I was awakened a little past 1:00 AM. The first time I heard it, my body awakened before my mind could comprehend. The second time I heard it, I was up out of bed in a flash. I heard a young child screaming, but I was aware that it was not my son. Just to be sure, I rushed across the hall and into his room, but he was fast asleep. Through the open window in his room, I felt a soft, cool breeze, and then I heard the child scream again. I quickly left my son’s room and closed the door before heading downstairs. I opened the front door and stood on my front porch trying to discern from where the cries were coming. It was down the street, and I was pretty sure they were coming from within a house. I stood there wondering what I should do. Should I go and try to find the child, making sure they are not somehow outside? Should I call the police and alert them that there may be a child in distress? It never occurred to me that I should just ignore it.
I could chalk it up to parental response, maternal instinct, etc., but I think my overwhelming desire to help that crying child was more about my faith than anything else. While being awakened by distant cries of a child might have come from recently honed skills with my own son, my refusal to roll over and let it be someone else’s problem is the natural response to the love of Christ for all people. Someone in pain and distress is my problem, because it is our problem. We are connected to one another through God, who created all people and yearns to have us draw closer to our Maker and each other. The Christian cannot pretend that pain does not exist and that suffering is not an atrocity. The disciple cannot stand by and allow it to go unheeded, but is compelled by the love of Christ and the urging of the Holy Spirit to respond. Before I could step off my porch I heard the child stop screaming, as a female adult voice offered words of comfort, and the crying ceased. As I made my way back to bed, I realized that I had been ready and willing to run out of my house in the middle of the night, shoe-less, and without hesitation to help someone else, because God sends us to be vessels of love, care, kindness, and comfort. I think that many Christians feels this compulsion to respond, even as society tells us to mind our own business. Yet we live in a world where terrible things happen with alarming regularity, and they happen to innocent children, too.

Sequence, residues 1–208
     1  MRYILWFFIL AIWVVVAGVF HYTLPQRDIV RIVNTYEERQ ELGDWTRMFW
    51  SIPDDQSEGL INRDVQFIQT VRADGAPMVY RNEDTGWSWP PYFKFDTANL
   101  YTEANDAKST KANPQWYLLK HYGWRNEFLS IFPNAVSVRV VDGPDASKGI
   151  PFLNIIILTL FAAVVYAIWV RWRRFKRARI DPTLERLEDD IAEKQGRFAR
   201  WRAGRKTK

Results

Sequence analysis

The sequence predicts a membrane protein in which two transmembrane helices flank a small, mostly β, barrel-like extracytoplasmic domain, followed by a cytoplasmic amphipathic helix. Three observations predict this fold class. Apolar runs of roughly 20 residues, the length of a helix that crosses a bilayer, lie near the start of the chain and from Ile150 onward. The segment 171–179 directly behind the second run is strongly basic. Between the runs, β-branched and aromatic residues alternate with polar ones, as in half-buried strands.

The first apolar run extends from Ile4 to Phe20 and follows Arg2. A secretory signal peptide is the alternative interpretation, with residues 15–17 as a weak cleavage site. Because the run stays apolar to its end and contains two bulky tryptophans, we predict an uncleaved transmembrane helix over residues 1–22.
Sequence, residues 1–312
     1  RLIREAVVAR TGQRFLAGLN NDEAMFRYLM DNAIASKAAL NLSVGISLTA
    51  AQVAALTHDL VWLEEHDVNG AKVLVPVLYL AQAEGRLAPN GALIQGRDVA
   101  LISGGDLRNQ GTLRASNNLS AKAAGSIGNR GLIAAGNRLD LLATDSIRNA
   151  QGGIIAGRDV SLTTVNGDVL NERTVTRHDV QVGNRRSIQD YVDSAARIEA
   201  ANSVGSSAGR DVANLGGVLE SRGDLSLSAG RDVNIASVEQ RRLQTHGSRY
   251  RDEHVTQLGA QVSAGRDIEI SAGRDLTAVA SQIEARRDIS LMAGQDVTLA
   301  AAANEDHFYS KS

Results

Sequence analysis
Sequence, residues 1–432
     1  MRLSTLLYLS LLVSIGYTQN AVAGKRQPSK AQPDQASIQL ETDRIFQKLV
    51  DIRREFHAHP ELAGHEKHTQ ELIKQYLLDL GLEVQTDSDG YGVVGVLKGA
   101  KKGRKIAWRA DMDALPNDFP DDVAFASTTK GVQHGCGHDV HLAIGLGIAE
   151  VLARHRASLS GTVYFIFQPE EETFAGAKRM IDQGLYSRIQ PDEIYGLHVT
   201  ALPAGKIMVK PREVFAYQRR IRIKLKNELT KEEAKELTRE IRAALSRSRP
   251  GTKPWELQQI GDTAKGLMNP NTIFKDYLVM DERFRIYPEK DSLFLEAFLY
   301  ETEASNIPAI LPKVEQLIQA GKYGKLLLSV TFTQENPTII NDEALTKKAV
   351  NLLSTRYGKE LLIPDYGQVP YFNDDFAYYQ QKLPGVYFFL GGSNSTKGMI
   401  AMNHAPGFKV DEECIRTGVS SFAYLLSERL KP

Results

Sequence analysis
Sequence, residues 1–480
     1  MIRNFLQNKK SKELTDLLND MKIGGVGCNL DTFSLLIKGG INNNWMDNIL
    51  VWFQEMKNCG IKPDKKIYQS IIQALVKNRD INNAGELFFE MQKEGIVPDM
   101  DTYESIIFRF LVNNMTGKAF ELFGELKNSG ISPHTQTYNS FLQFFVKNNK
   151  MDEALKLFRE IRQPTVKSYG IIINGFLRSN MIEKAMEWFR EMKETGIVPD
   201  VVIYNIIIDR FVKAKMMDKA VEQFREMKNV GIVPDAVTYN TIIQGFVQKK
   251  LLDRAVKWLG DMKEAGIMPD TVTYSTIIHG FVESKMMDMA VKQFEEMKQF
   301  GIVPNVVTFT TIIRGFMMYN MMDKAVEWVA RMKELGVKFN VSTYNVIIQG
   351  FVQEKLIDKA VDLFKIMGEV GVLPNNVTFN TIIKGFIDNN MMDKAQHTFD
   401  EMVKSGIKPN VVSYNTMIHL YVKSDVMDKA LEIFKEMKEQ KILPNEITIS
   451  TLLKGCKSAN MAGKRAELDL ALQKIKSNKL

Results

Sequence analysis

How could I ignore the distressed cries of a child when all the horrific possibilities were running through my head? I pray that the people of God refuse to be silenced and stand down. I hope that we will always rush to respond, and think of the social consequences second. The ardent and instantaneous response of love in a disciple of Jesus Christ was intentionally cultivated by God for others, and we should unleash it upon them. This is not about established etiquette boundaries, but doing our part to bring the comfort of God to all people, and actively work to ease the suffering of this world where sin permeates and kindness is mercy. We are loved, and so we love. God responded to our suffering in sin, and so we respond to the sufferings of others. In this, real and tangible change is made, and the Kingdom shines brighter in the midst of the darkness.